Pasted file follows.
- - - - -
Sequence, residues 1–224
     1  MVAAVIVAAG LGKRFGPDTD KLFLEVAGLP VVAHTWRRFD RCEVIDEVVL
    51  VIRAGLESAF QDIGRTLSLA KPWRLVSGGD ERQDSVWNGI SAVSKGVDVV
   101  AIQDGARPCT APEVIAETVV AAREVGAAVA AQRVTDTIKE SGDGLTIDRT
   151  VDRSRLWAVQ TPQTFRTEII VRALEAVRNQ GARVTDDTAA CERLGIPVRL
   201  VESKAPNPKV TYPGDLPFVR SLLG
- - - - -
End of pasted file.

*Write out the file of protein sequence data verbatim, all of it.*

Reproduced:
Sequence, residues 1–224
     1  MVAAVIVAAG LGKRFGPDTD KLFLEVAGLP VVAHTWRRFD RCEVIDEVVL
    51  VIRAGLESAF QDIGRTLSLA KPWRLVSGGD ERQDSVWNGI SAVSKGVDVV
   101  AIQDGARPCT APEVIAETVV AAREVGAAVA AQRVTDTIKE SGDGLTIDRT
   151  VDRSRLWAVQ TPQTFRTEII VRALEAVRNQ GARVTDDTAA CERLGIPVRL
   201  VESKAPNPKV TYPGDLPFVR SLLG